Polish Abdjad (Polski abdżad)
The Polish abdjad, or Polski abdżad, was devised by Szymon Wiczyński, a Polish student, as an alternative way to writing Polish using the Arabic script. He designed it after learning that Tatar people in Belarus write Belarusian with a version of the Arabic script, and he is very interested in linguistics and likes to create various conlangs and conscripts for his own entertainment.
- Type of writing system: abjad
- Direction of writing: right to left in horizontal lines
- Used to write: Polish
- Letters in black are hard consonants; the red ones are soft consonants; the green are vowels / semivowels / nasal vowels, and the blue ones are other symbols / diacritic symbols
- Soft consonant, unlike hard consonants, do not need to have the ِ (kasra) symbol after them to make them soft in the word,
- To double the [a] / [ɑ], [i] or [u] is written: اِ, ىِ / ێـ ِ, وِ,
- There is no difference in length between the ا (alif) and the ِ (fatha) signs, like in Arabic,
- If there is a soft consonant, which could replace the hard consonant in a word, it is wrong not to use it where it is necessary,
- The order of these letters is mainly based on the shape of the letter.
Sample text in the Polish abdjad
Wszyscy ludzie rodzą się wolni i równi w swojej godności i prawach. Są obdarzeni rozumem i sumieniem i powinni postępować wobec siebie w duchu braterstwa.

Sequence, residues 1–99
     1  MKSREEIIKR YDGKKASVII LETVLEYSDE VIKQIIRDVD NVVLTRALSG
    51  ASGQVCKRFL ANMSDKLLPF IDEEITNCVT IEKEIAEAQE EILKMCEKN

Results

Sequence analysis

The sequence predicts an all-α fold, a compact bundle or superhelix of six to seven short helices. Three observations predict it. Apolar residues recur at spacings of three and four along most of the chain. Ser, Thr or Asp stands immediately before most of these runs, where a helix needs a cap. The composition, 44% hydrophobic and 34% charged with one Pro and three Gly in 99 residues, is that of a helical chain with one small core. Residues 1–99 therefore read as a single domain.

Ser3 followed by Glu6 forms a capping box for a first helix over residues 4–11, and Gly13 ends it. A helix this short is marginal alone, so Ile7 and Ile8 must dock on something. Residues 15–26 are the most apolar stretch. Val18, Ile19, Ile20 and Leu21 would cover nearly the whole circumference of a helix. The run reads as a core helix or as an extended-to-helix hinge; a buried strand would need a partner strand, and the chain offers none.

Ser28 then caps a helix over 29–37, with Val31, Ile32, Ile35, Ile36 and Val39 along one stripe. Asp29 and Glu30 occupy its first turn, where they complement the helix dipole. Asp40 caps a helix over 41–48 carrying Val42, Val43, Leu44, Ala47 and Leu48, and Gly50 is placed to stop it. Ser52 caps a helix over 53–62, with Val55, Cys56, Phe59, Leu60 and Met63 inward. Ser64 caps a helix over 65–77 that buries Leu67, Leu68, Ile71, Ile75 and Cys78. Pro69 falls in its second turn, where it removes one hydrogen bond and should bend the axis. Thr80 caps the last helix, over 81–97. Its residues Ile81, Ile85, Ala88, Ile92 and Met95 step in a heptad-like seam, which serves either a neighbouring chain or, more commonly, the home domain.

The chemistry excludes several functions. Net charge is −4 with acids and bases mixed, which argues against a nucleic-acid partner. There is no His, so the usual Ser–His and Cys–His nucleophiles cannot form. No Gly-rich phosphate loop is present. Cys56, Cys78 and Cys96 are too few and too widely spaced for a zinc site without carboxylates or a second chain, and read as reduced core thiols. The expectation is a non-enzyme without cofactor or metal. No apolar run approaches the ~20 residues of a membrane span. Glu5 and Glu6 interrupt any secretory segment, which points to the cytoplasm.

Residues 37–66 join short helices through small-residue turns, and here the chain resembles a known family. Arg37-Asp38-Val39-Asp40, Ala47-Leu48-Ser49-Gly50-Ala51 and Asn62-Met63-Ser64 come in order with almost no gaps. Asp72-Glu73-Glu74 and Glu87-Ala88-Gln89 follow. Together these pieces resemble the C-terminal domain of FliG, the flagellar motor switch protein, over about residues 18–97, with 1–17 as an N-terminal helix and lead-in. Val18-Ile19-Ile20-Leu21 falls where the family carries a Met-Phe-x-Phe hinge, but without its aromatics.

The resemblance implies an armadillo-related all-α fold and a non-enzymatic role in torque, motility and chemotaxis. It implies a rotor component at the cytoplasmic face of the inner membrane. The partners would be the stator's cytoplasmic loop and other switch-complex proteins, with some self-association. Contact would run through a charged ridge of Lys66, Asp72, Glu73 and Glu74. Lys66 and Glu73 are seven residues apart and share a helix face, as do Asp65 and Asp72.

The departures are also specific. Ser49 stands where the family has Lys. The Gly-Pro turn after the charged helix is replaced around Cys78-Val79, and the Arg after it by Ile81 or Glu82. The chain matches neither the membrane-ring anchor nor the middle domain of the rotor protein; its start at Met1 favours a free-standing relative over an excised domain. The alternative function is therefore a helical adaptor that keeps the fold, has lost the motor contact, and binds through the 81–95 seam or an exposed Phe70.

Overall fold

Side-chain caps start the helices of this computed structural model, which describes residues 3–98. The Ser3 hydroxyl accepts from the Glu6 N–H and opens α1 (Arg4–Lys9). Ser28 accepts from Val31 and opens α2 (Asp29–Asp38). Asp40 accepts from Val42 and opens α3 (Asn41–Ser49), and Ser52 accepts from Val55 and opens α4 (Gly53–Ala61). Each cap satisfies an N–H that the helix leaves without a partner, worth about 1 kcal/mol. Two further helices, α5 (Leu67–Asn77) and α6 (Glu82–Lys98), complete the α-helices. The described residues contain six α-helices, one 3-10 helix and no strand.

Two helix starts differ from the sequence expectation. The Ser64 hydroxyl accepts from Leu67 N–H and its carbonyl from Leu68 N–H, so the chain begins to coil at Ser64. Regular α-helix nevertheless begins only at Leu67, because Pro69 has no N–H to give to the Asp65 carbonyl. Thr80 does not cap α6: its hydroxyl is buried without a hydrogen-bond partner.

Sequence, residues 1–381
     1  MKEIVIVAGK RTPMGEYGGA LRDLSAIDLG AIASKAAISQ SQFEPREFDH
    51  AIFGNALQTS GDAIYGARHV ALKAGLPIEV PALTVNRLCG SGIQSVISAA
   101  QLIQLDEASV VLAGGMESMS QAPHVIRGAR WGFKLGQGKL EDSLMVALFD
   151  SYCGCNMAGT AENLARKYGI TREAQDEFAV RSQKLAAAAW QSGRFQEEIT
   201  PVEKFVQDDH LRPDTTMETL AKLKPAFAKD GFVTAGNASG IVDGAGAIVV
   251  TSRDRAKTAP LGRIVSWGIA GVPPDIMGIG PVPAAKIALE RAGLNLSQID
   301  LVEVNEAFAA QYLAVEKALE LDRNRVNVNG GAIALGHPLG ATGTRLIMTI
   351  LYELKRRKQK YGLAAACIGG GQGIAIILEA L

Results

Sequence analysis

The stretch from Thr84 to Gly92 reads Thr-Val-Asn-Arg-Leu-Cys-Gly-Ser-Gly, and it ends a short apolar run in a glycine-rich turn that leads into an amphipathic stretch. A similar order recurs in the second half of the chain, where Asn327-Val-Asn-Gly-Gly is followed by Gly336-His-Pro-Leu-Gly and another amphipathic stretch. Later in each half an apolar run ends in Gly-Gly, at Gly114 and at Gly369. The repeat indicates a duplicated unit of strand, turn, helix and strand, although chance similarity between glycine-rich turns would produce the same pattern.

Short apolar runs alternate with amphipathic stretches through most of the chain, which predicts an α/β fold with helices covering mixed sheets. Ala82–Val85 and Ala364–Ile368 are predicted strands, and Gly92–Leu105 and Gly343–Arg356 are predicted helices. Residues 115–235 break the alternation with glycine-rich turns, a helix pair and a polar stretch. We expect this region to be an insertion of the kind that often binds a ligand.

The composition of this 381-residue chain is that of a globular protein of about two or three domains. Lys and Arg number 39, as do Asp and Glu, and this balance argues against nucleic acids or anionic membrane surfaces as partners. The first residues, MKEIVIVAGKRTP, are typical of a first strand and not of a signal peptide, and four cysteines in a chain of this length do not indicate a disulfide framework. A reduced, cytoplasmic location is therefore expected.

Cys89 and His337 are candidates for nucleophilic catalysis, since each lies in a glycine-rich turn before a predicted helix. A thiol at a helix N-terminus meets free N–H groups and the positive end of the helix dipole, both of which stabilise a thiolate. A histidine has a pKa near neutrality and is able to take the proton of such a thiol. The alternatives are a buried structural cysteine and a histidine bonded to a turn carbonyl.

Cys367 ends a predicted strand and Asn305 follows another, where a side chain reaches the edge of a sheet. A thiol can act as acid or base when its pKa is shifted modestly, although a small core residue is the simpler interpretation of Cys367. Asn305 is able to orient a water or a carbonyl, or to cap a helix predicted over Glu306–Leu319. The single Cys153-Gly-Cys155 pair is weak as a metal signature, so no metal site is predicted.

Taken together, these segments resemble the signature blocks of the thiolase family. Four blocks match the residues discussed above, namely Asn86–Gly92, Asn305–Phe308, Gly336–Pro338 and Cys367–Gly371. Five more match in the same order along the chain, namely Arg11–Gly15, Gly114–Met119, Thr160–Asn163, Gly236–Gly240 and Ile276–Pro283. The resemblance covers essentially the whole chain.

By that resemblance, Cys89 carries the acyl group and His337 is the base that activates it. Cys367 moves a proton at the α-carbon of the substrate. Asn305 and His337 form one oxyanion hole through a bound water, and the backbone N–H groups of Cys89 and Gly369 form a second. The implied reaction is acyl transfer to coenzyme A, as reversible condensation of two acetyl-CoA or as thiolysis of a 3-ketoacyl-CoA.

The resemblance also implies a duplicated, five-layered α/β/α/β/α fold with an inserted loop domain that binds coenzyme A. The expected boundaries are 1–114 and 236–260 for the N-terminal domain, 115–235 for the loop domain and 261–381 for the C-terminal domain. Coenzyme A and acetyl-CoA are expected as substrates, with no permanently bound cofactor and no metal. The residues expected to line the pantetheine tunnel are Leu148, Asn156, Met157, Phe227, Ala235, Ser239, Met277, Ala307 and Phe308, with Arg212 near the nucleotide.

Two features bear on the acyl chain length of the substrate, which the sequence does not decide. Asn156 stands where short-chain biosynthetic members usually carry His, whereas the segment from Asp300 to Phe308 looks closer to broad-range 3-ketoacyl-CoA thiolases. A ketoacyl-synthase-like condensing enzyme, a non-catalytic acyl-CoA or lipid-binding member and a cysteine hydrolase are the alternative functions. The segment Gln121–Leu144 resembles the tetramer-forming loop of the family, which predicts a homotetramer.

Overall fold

All human beings are born free and equal in dignity and rights. They are endowed with reason and conscience and should act towards one another in a spirit of brotherhood.
(Article 1 of the Universal Declaration of Human Rights)
Information about Polish |
Telling the time |
Terms of endearment |
Tongue twisters |
Tower of Babel |
Other adaptations of existing alphabets for natural languages
If you need to type in many different languages, the Q International Keyboard can help. It enables you to type almost any language that uses the Latin, Cyrillic or Greek alphabets, and is free.
If you like this site and find it useful, you can support it by making a donation via PayPal or Patreon, or by contributing in other ways. Omniglot is how I make my living.
Note: all links on this site to Amazon.com, Amazon.co.uk and Amazon.fr are affiliate links. This means I earn a commission if you click on any of them and buy something. So by clicking on these links you can help to support this site.